A. SPECIFIC AIMS Aim 1. Assess how medical malpractice risk affects cardiac testing. We will rely on tort reforms over 2003–2008 as malpractice shocks that permit us to estimate the causal effects of the reforms. Aim 2. Assess how reimbursement cuts affect cardiac test type, volume, location, and cost. We will examine how the 2010 CMS reimbursement cuts affect the type, volume, and location (e.g., inpatient, hospital-based outpatient, or office-based outpatient) of cardiac testing, including whether the cuts drove testing to more expensive locations and test types. Aim 3. Examine how malpractice risk and financial incentives jointly affect the type, volume and cost of cardiac testing. We will examine how the impact of the reimbursement cuts varies based on local malpractice risk level; we expect the effect to be greater in areas with lower malpractice risk. Aim 4. Evaluate the joint impact of testing intensity and malpractice risk on patient outcomes. We will assess whether changes in cardiac testing rates and test type predict intervention rates and patient outcomes, and whether the patients receive appropriate tests. Policy significance. Understanding the separate and joint impact of legal risk and financial incentives on testing rates has broad policy implications beyond cardiac care. The findings of this study are important for: (1) state and national efforts to adopt tort reforms; (2) CMS and private insurer efforts to use reimbursement levels to influence clinical practice; and (3) the success of affordable care organizations and capitated payment models, which will have incentives to undertest.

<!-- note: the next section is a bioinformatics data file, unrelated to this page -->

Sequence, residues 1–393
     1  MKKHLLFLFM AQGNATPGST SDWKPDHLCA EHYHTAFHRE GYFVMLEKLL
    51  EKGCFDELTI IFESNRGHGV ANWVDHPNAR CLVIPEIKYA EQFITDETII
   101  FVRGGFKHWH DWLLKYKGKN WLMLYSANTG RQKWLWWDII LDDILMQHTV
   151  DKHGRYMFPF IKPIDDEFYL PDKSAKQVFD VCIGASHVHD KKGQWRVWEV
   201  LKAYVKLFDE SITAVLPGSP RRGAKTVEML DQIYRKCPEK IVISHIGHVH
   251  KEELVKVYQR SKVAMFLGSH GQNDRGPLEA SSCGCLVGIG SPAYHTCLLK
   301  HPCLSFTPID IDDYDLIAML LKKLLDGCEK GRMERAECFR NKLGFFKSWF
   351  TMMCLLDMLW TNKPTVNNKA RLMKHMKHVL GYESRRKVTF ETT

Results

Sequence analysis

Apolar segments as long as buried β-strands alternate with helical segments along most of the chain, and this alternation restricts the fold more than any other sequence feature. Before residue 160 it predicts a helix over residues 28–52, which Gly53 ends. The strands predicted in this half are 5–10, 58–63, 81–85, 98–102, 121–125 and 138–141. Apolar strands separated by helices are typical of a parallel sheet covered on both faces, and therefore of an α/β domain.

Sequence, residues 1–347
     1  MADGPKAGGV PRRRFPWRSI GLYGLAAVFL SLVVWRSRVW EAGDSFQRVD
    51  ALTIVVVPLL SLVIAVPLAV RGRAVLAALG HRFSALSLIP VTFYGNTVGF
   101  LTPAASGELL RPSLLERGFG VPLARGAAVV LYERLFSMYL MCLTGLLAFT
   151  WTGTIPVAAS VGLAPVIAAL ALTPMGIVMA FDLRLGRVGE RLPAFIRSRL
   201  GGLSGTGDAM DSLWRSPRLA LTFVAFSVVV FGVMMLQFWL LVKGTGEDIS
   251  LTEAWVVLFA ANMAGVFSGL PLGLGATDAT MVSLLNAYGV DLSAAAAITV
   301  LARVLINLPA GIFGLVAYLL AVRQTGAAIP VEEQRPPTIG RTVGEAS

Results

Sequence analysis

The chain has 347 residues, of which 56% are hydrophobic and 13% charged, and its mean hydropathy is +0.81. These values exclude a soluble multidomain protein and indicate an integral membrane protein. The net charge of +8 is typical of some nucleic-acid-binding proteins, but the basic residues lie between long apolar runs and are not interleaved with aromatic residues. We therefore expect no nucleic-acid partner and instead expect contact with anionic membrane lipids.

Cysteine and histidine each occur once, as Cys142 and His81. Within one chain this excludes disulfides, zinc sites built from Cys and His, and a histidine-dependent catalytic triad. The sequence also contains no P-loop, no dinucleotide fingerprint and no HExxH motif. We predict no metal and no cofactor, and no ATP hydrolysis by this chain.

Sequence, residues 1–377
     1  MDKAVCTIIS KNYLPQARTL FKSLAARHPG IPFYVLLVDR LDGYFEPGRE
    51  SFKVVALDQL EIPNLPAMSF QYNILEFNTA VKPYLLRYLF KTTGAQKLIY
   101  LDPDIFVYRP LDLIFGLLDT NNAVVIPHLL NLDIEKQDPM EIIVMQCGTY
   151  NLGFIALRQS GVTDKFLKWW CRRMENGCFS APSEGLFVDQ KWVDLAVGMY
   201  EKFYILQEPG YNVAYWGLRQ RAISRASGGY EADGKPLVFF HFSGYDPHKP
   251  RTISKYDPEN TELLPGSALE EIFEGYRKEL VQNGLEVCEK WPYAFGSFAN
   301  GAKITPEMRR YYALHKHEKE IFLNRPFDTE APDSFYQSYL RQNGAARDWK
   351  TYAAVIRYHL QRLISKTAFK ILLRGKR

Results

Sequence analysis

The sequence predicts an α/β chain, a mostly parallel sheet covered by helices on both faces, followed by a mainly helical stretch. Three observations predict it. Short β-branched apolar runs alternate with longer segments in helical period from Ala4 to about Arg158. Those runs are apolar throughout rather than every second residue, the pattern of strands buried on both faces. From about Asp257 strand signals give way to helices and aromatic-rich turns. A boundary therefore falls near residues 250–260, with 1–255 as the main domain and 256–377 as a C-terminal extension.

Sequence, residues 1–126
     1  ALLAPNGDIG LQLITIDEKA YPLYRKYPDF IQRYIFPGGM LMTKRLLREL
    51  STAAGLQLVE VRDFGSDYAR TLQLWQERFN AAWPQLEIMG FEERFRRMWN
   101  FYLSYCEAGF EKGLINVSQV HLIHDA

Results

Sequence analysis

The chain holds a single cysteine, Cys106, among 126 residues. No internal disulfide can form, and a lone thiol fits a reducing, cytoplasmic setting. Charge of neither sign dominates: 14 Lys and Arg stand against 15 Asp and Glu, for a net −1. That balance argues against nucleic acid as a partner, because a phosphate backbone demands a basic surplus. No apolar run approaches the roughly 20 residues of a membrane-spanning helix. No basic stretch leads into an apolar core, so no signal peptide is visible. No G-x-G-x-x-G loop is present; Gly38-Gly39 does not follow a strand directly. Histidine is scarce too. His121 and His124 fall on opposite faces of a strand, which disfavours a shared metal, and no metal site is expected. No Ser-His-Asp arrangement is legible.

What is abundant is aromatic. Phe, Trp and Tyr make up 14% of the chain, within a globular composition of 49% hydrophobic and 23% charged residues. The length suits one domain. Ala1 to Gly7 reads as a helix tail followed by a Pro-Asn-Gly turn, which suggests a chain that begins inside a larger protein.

|Effective start/end date||8/1/14 → 7/31/20|
- George Washington University (14-M49//5R01HL113550-05)
- National Heart, Lung, and Blood Institute (14-M49//5R01HL113550-05)
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